How Context influences my Behaviour

How Context influences Behaviour

“It is not what happens to you that matters, but how you RESPOND to
what happens to you that determines your whole life.”
~ Brian Tracy ~

According to David Hawkins, in any situation there are the conditions and there is the context. The conditions are all the objects and ‘things’ in the environment, whereas the context is about the space in which the objects exist and how all the things are relating to each other. As humans, we create the context in any situation by deriving meaning from it;
we somehow figure out what all of it means to us. This meaning then influences how we act and behave. This is basically the first law I already described in the new model that Werner Erhard (2009) has suggested: My behaviour is concomitant with how a situation occurs (shows up) for me.

By examining how things occur for me in Life, I can change the way I relate to things in Life. By assigning different meanings to the conditions, objects and things in my Life, I can change how they occur for me. When the occurring is altered, the possibilities for my actions are altered as well.

Every day, when I wake up, I have a context for how that day is going to look. I have a general idea about what I anticipate (expect) my day to be like. I have a basic estimation of how my day is going to go. It’s not something that I focus on very often, but it’s there, this subtle expectation of what this day is going to be like. I will also have a general idea about how I probably will be behaving today. This expectation of what my day will be like is determined by what I have experienced in the past, plus any new plans that I may have on how to conduct my life today. My behaviour is geared towards succeeding in making this day go the way I want it to go. If I succeed in my plans for today, I can go to sleep satisfied at the end of the day. If I don’t, cognitive dissonance will arise as reality did not confirm my expectations and I will have to re-adjust my map of the world. When I wake up the next day, I have fresh, new opportunity to anticipate, expect and estimate how Life will go for me today.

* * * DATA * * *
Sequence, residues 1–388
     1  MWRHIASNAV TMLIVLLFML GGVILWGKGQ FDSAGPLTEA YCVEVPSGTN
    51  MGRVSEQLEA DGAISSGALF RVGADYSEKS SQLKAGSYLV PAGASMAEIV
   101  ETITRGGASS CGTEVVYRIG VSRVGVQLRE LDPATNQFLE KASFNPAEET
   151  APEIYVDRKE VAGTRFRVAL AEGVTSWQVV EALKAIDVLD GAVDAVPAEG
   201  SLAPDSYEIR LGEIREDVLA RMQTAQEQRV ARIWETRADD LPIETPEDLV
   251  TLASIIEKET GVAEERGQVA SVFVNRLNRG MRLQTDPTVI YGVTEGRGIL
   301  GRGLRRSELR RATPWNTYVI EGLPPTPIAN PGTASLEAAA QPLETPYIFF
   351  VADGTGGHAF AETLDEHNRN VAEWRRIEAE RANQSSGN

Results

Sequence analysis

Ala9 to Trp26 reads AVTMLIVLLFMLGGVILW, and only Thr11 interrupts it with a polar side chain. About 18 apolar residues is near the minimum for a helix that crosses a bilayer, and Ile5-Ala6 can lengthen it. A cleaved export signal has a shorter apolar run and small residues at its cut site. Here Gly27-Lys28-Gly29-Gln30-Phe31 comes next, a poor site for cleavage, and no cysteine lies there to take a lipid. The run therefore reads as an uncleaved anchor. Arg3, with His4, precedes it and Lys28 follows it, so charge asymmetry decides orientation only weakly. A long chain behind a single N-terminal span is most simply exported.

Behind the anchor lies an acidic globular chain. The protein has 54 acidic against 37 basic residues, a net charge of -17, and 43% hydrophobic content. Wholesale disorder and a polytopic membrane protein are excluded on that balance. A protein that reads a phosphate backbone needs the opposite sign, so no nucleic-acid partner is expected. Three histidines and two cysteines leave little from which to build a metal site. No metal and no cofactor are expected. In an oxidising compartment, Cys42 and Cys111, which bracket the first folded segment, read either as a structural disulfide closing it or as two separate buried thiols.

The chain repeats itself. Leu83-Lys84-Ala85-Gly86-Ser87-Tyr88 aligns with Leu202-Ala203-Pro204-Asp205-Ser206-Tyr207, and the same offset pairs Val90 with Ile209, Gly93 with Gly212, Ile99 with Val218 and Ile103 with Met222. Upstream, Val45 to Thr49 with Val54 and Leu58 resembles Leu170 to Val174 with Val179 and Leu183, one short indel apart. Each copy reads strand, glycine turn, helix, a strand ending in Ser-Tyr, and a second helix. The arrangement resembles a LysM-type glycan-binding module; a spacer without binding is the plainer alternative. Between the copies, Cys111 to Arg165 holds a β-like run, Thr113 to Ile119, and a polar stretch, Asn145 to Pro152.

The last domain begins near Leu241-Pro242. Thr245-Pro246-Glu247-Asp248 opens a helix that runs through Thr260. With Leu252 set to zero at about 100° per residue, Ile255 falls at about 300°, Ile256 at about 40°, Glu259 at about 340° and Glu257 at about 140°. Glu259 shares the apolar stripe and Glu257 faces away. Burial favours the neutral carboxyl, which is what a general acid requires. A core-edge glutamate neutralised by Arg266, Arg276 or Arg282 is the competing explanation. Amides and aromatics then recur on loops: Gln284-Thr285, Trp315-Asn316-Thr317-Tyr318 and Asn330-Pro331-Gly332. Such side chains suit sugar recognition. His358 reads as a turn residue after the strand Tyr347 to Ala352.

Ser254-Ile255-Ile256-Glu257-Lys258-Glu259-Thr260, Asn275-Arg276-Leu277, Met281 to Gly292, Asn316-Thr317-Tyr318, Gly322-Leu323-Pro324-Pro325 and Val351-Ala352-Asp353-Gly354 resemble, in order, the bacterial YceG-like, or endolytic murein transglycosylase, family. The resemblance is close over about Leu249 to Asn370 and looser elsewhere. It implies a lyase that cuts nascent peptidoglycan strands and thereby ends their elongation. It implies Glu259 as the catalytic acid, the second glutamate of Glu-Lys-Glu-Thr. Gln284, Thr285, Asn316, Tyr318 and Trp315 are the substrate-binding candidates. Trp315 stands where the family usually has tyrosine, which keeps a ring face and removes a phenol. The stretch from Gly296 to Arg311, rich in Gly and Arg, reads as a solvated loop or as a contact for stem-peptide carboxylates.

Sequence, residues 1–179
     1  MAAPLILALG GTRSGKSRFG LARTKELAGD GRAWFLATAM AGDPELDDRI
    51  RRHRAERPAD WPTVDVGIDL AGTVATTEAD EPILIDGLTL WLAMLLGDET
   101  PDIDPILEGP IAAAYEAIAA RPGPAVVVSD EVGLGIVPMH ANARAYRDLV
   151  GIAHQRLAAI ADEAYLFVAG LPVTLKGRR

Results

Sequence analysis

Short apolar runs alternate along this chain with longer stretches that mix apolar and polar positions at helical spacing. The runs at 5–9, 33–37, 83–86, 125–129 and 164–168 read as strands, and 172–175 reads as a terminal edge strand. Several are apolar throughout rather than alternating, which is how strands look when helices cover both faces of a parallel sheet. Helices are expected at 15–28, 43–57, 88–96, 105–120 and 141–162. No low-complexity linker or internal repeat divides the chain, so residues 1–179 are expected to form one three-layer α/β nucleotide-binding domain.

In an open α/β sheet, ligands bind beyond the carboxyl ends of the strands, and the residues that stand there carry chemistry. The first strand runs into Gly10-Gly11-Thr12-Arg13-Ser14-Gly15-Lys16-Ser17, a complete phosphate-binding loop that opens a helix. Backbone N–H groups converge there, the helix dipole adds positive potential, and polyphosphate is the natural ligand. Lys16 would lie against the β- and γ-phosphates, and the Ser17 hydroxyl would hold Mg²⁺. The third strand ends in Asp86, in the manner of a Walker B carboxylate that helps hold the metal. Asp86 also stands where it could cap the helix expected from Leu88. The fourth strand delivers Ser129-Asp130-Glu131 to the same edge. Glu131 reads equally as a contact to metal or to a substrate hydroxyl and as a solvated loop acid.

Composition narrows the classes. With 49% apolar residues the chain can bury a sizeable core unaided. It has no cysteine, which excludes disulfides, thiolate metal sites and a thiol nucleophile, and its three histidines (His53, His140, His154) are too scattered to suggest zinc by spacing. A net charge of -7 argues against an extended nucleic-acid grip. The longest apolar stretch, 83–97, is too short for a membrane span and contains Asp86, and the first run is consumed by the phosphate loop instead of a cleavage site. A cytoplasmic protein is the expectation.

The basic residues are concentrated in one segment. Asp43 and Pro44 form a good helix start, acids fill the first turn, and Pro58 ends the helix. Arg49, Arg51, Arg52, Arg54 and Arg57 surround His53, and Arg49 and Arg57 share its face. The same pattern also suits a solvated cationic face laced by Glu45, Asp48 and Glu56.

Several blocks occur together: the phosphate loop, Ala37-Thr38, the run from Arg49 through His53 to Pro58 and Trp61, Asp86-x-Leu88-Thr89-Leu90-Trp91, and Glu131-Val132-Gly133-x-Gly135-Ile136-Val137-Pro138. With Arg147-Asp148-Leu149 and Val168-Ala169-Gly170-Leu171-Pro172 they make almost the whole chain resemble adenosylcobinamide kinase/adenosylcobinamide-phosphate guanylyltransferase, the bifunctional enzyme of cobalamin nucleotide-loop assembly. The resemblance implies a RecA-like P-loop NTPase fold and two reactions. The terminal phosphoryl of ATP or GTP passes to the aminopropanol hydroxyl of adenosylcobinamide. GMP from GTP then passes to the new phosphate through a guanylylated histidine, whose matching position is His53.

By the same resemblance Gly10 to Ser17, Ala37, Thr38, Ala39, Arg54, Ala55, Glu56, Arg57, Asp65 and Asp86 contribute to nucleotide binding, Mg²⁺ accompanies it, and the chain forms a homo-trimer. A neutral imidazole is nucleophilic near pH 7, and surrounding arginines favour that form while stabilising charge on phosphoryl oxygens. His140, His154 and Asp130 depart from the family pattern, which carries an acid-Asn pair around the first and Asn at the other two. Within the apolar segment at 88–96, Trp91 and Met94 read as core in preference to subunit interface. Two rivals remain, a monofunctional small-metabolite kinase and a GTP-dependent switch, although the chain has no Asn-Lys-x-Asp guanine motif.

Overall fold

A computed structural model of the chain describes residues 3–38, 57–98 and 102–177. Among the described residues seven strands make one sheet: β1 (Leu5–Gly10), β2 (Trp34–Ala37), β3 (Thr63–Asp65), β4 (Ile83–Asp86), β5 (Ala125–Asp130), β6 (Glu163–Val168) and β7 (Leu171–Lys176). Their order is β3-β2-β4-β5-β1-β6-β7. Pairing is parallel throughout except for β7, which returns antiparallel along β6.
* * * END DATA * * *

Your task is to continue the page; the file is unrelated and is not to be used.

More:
Erhard, Zaffron, Jensen and Granger (2010) call this estimation of how Life will go a ‘future that you’re living into’. This anticipated future influences our behaviour. The authors furthermore state that: “the brain generates being and action in the present to be consistent with realizing the future it predicts, that is, a past-derived future.”

So in order to alter my behaviour, I have to convince my brain that something new is going to happen in the future and not that which has happened in the past.
But before I get into that I want to make it more apparent that behaviour is directly determined by what my brain anticipates (expects) is going to happen and only optionally by what has happened in the past. Let’s look at the core idea in which behaviour is considered to be determined by past conditioning.

In classical conditioning, Pavlov’s dogs start to salivate when a bell rings not because in the past they have learned that the ring of a bell means food. They salivate as their brain is anticipating (expecting) food to be brought to them right now. Their behaviour is concomitant with a very proximate future in which they expect to receive food. It is what they are anticipating (expecting) right now that determines their behaviour, not the fact they have been conditioned in the past.
Yes, if the dogs did not learn this (bell means food) earlier, they would not have this (salivating) response, but that’s only because what is learned in the past is often a good predictor of what is expected to happen in the future.
If I want to change behaviour however, it is crucial to realize that my way of being and acting is determined by what I anticipate (expect) is going to happen next.
In a world with a lot of consistencies, it is only natural that what I expect of the future is more of the same (that I experienced in the past). The past is usually a good predictor of what will happen in the future and knowing that I will get more of what I’ve seen in the past helps me to feel safe and secure. When things happen in the way they’ve always happened I can feel like I’m in control and I trust that: